In North America, there are over 500 varieties that grow. They mostly grow, though, in the Pacific Northwest: they are not common in Eastern North America. There are two main varieties on the West Coast: one called “greater”, which grows up to 10 feet tall (3 metres), and a “lesser” one, which grows a foot tall (30 cm.) Some people actually cultivate the lesser one. Stinging Nettles are also uncommonly prolific in England, where children call them “stingers.”
Stinging Nettles grow in patches in shady areas, especially disturbed areas such as the edges of fields. They propagate both by seed and roots. They start growing early in the spring and flower before spring is over. Some plants produce male flowers, others produce female flowers.
The leaves are round at one end, and tapered and pointed at the other, with serrated edges. The leaves have hollow hairs on them which contain an irritating chemical called “formic acid”, a histamine, which causes a sting that feels just like a bee-sting. The hairs break easily; when just barely brushed they break and release the chemical. The sting is fierce. Animals such as cows and horses know instinctively not to munch on these plants. Some types of Stinging Nettles in Asia can irritate your skin for months.
Though at this point you may be itchy just from reading about Stinging Nettles, they have actually been consumed by people throughout history.
The chemical that causes the stinging can be destroyed by drying, or by applying heat to them, either through boiling or sautéing. The young leaves can be cooked up fresh like Spinach. They can also be dried and powdered, then used to make tea with. Nettles porridge is an oatmeal gruel to which chopped Nettles are added. Nettles pudding is a boiled, savoury pudding with meat in it.
Cornish Yarg Cheese is wrapped in Nettles. Beer can also be made, using Nettles in place of hops.
Nettles are used in many folk medicines.
Never use Stinging Nettles fresh and uncooked. To destroy the chemical with heat, the leaves need to be blanched or sautéed for at least a minute.
You must always wear gloves when harvesting or handling Stinging Nettles. You harvest the young leaves at the top of the stalks in the spring, before the plant flowers. After that, the leaves get very coarse and mealy and for your pains, reward you by acting as a laxative and diuretic. Ideally, the stalks shouldn’t be more than a few inches high. Avoid those growing by roads that may have picked up pollution. Tear the leaves off of the stalks and discard the stalks. Wash well, because they often harbour ants, caterpillars and small files.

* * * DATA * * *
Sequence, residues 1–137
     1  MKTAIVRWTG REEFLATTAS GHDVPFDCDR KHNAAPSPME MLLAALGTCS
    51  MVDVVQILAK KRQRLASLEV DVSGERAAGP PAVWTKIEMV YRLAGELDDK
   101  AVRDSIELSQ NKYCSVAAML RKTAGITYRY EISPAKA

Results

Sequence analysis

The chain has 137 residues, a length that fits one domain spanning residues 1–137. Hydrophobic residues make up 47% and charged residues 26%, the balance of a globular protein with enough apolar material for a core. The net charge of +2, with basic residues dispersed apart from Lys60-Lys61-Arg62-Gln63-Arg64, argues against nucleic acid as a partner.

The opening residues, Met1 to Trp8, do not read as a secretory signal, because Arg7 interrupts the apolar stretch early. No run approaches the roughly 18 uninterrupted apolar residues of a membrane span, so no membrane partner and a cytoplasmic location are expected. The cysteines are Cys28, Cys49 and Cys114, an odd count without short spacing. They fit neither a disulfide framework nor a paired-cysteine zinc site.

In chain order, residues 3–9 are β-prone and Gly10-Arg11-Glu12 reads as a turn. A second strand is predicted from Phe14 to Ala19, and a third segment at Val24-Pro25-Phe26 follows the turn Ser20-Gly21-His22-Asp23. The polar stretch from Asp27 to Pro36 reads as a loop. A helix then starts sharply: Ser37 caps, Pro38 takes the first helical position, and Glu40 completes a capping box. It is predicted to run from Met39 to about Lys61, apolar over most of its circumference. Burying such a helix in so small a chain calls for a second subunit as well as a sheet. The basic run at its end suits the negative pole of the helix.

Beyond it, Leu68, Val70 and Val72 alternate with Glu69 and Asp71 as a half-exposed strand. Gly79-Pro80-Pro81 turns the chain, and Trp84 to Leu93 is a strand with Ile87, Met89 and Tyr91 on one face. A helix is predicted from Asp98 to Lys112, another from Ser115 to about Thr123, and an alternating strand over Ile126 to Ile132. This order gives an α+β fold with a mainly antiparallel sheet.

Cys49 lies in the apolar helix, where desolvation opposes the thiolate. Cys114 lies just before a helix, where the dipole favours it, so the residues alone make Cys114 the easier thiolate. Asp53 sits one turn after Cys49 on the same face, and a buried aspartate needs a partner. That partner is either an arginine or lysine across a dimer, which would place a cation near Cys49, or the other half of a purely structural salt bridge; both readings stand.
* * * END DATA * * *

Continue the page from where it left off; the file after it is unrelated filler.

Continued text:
When cooked, Stinging Nettles taste a bit bitter, like spinach does. To some people, they taste something like snow peas.
Many health claims are made about Nettles, but none should be taken into account without consulting a doctor. Extracts are used in folk medicine for prostate disorders and as an anti-inflammatory. Old leaves can act as a laxative and diuretic.
Eating fresh Nettles is generally advised against.
You can freeze uncooked Stinging Nettles for up to a year (but when you thaw them, don’t touch them with unprotected hands — freezing won’t destroy the chemical, only drying or heat will).
Stinging Nettles are native to Europe, Asia and the Americas. As a food item, they have historically been a “poor people’s” food. They were more appreciated as a medicine.
Stinging Nettles may have been brought to Britain by the Romans. The Romans would cultivate them in gardens for food and medicine. Ordinary Romans would use them as a pot herb, and wrap cheeses in the leaves.
Literature & Lore
“So he went away, and I with Luellin to Mr. Mount’s chamber at the Cockpit, where he did lie of old, and there we drank, and from thence to W. Symons where we found him abroad, but she, like a good lady, within, and there we did eat some Nettles porrige, which was made on purpose to-day for some of their coming, and was very good.” — Samuel Pepys, Monday, 25 February 1660.
(In the following old children’s rhyme, “Hitty Pitty” means Nettles.)
Hitty Pitty within the wall,
Hitty Pitty without the wall;
If you touch Hitty Pitty,
Hitty Pitty will bite you.
“I am whipp’d and scourg’d with rods, Nettlesd, and stung with pismires (ants), when I hear of this vile politician”. — Henry IV Part 1. Act 1. Scene 3. Shakespeare.
There is a “branch” of botany called “sado-botany”, in which certain plants are used for S&M sex. Nettles, understandably, are highly esteemed in this branch of human experience. There is even a term used, “nettle play” or “urtication” to be more academic. The discipline of Odette by “Jean Martinet” apparently mentions Nettles being used as whips. Enthusiasts also put them inside underwear.
The World Nettles Eating Championship is held every June in Marshwood (near Bridport), Dorset, England at the time of the Summer Solstice.
The contest, sponsored by The Bottle Inn, began in 1986. Contestants are given stalks of fresh Nettles two feet long (60 cm). They have to eat as many stalks as possible in 1 hour. To count as eaten, every single leaf from a stalk must be eaten.
The Anglo-Saxons called Stinging Nettles “wergulu”; it was one of their nine sacred herbs.
There is a village in Hertfordshire, England called “Nettlesden”, earlier called “Neteleydene”, from the Anglo-Saxon meaning “valley where Nettles grow”.
Nettles comes from the Anglo-Saxon word “netele”, which may in turn have come from a very old Germanic word “natilon”.
The word “urtica”, which is part of the scientific name and the word that Romans used for the plant, comes from the Latin verb “urere”, meaning to burn.
Though some mint varieties have Nettles in their names (Hedge-Nettle, Dead-Nettle, etc), they aren’t actually Nettles.